That’s the thing with China. I speak in Chinese to them and they get this look on their face. I can tell they are thinking ‘oh my golly, she is speaking Chinese. But she isn’t Chinese…?! This is funny. I’m going to laugh. Oh no, what did she say? I wasn’t listening…OK well just smile, and point, and say byebye.’
I always walk away knowing that either they had absolutely no idea of what I was saying (my oral Chinese isn’t quite up to scratch) or they just chose to stare at me and laugh, completely oblivious to the fact that I am lost and need help.
After wandering around dusty construction yards, and wandering in and out of weird hotels, we decided to head back to the metro. I was, of course, gutted. What a disappointment. Oh, but I don’t give up that easily. I will just try again tomorrow, I told myself.
That night however, we pushed through the failure that was our day and decided to make another little mission. We whizzed in a taxi to the edge of the city. A big forest awaited. A guard, on call, mistaking us for someone else, directed us with very good English, yay, to our destination. We followed twisty paths and a beautiful, sparkling lake, as well as two giant hands- deliberately placed to welcome us. A giant building awaited. Inside we could hear chattering in anticipation for the second round of some sweet ‘honey’ music.
Like a king and queen, we took to our flowery, fabricated thrones and waited for the German folky entertainment. Bean bags covered the roof. Polka-dot ones, stripy ones, red ones. And umbrellas. Black umbrellas pinned to the roof. I sipped on my gin & tonic, la deee dahhh, and floated along through the melodic honey tunes. Eagerly waiting for the bicycle song that I had played about a gazillion times that day, I was very sad when they finished and hadn’t played it. However, mr. sound engineer man asked if we had any requests, leading to me getting a little private playing of the bicycle song. loveeeely. And some nice chats with the leading band man.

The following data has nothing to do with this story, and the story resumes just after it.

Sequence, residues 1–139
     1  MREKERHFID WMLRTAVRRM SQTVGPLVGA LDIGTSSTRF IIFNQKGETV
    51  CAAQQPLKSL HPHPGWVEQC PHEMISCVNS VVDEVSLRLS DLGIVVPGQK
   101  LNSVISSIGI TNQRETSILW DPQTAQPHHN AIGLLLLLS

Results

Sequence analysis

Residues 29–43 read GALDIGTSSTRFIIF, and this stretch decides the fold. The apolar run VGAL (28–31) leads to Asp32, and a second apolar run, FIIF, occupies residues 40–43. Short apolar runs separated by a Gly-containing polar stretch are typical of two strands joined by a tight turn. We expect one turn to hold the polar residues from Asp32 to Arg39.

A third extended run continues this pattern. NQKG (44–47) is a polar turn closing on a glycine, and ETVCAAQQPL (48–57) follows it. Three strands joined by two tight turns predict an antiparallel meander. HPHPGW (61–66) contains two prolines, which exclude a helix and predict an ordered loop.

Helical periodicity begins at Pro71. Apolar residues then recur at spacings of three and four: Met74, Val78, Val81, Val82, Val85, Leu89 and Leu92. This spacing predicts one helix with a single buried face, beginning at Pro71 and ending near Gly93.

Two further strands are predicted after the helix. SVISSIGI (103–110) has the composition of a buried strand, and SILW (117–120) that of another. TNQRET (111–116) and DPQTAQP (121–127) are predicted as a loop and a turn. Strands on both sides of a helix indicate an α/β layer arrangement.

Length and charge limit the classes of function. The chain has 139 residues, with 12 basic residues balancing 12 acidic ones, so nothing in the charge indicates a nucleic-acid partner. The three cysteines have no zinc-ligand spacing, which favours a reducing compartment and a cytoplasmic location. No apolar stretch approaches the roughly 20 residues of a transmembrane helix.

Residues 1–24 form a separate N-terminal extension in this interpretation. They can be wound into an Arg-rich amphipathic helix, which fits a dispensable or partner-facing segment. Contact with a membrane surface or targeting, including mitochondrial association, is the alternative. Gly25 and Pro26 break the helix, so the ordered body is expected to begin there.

On this very night, we made some new friends. Even a fellow Scot The first other Scottish kid I have ever met in my life in China. We decided to depart the enchanting musical forest for a quick game of beer pong. Having no idea how to get there, it was, yet again, another mission. Mr. taxi man also had no clue. But of course we eventually arrived, luck was finally on our side. 13 factories. A little American bar in a back street in the centre of the city. Very welcoming and very American, and very friendly. We won. Of course. Because I was playing. Oh arrogance? Why…yes! I think I’m actually pretty good at beer pong. Is it a real sport? Because it might very well be the first sport I have ever won.
Then the night ended. The rainbow t.v tower, under the watchful eye of the mesmerising full moon, led us home. The sky was especially beautiful that night. The supposed ‘typhoon Megi’ was approaching, and lucky for us, she had blown away the pollution that reverberates around this city daily, leaving us with a clear sky. I even saw one twinkling, lonely star. It’s a good start Guangzhou.